🔖 Computational Social Scientist Beware: Simpson’s Paradox in Behavioral Data by Kristina Lerman

Bookmarked Computational Social Scientist Beware: Simpson's Paradox in Behavioral Data by Kristina Lerman (arxiv.org)
Observational data about human behavior is often heterogeneous, i.e., generated by subgroups within the population under study that vary in size and behavior. Heterogeneity predisposes analysis to Simpson's paradox, whereby the trends observed in data that has been aggregated over the entire population may be substantially different from those of the underlying subgroups. I illustrate Simpson's paradox with several examples coming from studies of online behavior and show that aggregate response leads to wrong conclusions about the underlying individual behavior. I then present a simple method to test whether Simpson's paradox is affecting results of analysis. The presence of Simpson's paradox in social data suggests that important behavioral differences exist within the population, and failure to take these differences into account can distort the studies' findings.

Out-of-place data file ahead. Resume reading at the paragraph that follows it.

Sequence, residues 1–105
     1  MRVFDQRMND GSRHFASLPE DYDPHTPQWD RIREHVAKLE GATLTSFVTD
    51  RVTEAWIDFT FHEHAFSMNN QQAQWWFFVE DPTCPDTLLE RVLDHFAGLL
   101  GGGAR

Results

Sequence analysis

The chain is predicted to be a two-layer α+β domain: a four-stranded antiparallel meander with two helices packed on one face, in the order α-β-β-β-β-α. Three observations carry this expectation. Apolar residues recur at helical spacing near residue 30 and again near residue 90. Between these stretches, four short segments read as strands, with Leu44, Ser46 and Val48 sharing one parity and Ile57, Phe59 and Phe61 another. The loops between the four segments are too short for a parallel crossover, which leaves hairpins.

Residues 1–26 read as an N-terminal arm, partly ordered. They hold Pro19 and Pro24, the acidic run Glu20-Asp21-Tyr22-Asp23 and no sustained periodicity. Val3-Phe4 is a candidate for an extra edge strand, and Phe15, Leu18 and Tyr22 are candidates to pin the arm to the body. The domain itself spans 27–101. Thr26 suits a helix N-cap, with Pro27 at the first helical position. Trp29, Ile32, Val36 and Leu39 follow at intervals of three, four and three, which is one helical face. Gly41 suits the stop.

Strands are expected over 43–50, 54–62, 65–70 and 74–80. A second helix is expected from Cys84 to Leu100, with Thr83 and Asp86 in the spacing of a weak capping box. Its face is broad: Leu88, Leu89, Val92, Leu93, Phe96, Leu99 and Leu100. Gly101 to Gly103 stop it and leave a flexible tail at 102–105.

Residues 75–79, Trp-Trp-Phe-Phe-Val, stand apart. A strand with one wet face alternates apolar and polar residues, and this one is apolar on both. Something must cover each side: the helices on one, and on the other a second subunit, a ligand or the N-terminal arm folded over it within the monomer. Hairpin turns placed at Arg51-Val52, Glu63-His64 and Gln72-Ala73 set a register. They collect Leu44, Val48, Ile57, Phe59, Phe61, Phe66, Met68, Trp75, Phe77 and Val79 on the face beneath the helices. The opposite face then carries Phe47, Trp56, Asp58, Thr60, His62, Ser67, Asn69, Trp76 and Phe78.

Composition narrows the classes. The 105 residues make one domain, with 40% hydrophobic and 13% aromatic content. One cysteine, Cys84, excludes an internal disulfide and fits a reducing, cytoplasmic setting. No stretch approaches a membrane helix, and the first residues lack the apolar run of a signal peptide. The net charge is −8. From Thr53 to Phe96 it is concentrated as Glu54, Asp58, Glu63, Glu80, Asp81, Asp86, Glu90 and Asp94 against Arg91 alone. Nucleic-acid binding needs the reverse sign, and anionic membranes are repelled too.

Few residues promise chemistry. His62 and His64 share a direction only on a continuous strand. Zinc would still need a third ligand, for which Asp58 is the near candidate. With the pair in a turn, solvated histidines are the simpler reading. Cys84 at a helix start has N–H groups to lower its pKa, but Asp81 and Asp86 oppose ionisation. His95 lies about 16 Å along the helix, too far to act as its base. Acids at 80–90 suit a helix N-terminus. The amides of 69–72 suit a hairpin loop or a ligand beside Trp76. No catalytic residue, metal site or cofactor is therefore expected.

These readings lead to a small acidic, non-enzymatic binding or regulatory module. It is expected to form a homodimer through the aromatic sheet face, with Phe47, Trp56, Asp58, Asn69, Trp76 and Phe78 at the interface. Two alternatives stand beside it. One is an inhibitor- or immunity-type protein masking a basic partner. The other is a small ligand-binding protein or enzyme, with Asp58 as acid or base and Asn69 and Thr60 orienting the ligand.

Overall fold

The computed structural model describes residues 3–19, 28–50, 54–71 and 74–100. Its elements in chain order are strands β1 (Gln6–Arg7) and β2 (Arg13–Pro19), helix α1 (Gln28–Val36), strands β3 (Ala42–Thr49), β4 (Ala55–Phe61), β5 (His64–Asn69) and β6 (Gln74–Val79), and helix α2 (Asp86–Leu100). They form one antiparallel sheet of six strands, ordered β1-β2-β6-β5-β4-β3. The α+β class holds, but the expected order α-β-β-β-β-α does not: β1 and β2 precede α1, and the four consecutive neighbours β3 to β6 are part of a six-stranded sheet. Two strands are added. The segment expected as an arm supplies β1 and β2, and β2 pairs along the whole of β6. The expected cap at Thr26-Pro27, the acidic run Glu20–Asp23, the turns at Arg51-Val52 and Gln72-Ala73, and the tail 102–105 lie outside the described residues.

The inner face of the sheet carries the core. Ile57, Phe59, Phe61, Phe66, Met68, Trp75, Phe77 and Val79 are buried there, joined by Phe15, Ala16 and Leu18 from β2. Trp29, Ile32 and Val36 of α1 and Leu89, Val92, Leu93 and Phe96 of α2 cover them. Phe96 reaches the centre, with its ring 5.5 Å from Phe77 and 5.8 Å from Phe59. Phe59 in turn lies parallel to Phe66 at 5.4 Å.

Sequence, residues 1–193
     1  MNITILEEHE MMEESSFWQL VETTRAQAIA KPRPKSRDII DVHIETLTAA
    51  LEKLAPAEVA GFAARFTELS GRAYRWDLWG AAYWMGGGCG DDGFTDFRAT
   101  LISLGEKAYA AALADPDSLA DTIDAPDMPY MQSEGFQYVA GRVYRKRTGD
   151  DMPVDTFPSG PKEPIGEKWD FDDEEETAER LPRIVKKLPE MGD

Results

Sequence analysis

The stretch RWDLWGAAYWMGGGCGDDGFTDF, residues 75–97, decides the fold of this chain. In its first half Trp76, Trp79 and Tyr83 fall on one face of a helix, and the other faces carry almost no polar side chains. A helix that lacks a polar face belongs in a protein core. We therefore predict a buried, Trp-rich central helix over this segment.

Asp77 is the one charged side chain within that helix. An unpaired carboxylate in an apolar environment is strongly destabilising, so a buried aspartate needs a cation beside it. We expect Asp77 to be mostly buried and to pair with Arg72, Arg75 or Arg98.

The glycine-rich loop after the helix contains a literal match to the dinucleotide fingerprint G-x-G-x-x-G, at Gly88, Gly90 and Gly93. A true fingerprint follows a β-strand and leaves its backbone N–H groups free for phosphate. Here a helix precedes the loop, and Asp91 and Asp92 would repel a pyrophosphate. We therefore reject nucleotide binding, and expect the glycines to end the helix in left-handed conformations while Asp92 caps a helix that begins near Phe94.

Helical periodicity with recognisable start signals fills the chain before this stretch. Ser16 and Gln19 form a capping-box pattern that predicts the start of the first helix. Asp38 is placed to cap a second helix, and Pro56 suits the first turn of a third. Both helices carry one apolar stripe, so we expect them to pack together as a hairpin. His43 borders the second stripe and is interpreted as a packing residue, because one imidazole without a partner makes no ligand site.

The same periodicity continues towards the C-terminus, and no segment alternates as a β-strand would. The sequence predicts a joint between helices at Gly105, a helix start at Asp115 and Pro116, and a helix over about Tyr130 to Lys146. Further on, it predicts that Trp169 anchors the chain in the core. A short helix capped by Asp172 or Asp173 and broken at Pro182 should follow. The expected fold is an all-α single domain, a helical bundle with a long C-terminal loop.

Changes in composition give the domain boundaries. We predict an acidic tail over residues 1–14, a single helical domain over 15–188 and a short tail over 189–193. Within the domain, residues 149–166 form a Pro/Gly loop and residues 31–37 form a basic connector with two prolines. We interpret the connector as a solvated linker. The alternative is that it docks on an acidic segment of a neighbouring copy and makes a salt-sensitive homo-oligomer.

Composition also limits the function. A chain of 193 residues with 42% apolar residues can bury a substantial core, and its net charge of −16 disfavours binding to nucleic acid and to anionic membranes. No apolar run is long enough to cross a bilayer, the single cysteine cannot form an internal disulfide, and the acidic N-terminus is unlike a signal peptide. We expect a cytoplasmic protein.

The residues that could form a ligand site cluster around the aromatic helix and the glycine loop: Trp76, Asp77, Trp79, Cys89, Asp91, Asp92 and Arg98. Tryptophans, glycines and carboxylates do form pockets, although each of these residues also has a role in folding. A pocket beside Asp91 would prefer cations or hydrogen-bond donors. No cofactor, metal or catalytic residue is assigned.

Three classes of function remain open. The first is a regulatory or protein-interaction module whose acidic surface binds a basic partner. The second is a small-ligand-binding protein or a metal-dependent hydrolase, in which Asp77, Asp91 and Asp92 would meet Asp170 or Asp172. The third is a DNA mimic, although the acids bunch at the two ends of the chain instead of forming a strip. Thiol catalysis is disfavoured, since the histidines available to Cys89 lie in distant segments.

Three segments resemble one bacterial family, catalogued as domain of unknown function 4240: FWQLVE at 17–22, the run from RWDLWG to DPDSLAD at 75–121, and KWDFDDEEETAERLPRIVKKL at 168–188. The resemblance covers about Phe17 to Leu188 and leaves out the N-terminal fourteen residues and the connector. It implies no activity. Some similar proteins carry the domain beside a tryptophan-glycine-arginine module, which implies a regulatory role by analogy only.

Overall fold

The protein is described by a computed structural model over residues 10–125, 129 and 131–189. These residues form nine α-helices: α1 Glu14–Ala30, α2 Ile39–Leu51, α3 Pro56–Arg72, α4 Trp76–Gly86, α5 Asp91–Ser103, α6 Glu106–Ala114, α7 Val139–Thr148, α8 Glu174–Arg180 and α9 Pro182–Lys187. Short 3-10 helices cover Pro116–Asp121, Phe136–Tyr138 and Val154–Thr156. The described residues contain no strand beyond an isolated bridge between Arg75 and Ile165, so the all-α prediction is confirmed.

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📺 Are University Admissions Biased? | Simpson’s Paradox Part 2 | YouTube

Watched Are University Admissions Biased? | Simpson's Paradox Part 2 by Henry Reich from youtube.com

Simpson's Paradox Part 2. This video is about how to tell whether or not university admissions are biased using statistics: aka, it's about Simpson's Paradox again!

REFERENCES:
Original Berkeley Grad Admissions Paper
Interactive Simpson’s Paradox Explainer
No Lawsuit, But Yes, Berkeley Study on Gender Bias

Statistics on college majors by gender:
https://nces.ed.gov/programs/digest/2016menu\_tables.asp
http://www.npr.org/sections/money/2014/10/28/359419934/who-studies-what-men-women-and-college-majors
http://www.randalolson.com/2014/06/14/percentage-of-bachelors-degrees-conferred-to-women-by-major-1970-2012/

Earnings by college major

Wall Street Journal Article on Simpson’s Paradox

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